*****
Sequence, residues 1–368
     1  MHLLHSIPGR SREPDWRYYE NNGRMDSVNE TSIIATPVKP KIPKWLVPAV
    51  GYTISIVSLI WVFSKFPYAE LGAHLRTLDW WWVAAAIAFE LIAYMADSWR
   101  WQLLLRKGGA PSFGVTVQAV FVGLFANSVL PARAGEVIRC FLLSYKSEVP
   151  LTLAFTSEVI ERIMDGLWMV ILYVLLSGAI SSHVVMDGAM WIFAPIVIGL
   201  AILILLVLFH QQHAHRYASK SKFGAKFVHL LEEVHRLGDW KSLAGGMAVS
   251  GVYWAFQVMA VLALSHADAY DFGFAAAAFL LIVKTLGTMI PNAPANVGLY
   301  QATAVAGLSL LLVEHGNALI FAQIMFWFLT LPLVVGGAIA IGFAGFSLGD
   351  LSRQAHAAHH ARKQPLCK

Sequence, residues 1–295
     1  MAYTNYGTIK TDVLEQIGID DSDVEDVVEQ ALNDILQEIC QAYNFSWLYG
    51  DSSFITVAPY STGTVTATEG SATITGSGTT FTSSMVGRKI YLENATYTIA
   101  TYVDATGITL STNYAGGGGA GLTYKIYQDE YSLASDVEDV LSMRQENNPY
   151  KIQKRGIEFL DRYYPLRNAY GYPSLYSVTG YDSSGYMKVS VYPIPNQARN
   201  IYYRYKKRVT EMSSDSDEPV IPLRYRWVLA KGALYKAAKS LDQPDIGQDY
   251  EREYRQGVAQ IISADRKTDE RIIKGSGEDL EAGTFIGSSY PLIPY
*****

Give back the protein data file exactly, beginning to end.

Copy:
Sequence, residues 1–368
     1  MHLLHSIPGR SREPDWRYYE NNGRMDSVNE TSIIATPVKP KIPKWLVPAV
    51  GYTISIVSLI WVFSKFPYAE LGAHLRTLDW WWVAAAIAFE LIAYMADSWR
   101  WQLLLRKGGA PSFGVTVQAV FVGLFANSVL PARAGEVIRC FLLSYKSEVP
   151  LTLAFTSEVI ERIMDGLWMV ILYVLLSGAI SSHVVMDGAM WIFAPIVIGL
   201  AILILLVLFH QQHAHRYASK SKFGAKFVHL LEEVHRLGDW KSLAGGMAVS
   251  GVYWAFQVMA VLALSHADAY DFGFAAAAFL LIVKTLGTMI PNAPANVGLY
   301  QATAVAGLSL LLVEHGNALI FAQIMFWFLT LPLVVGGAIA IGFAGFSLGD
   351  LSRQAHAAHH ARKQPLCK

Sequence, residues 1–295
     1  MAYTNYGTIK TDVLEQIGID DSDVEDVVEQ ALNDILQEIC QAYNFSWLYG
    51  DSSFITVAPY STGTVTATEG SATITGSGTT FTSSMVGRKI YLENATYTIA
   101  TYVDATGITL STNYAGGGGA GLTYKIYQDE YSLASDVEDV LSMRQENNPY
   151  KIQKRGIEFL DRYYPLRNAY GYPSLYSVTG YDSSGYMKVS VYPIPNQARN
   201  IYYRYKKRVT EMSSDSDEPV IPLRYRWVLA KGALYKAAKS LDQPDIGQDY
   251  EREYRQGVAQ IISADRKTDE RIIKGSGEDL EAGTFIGSSY PLIPY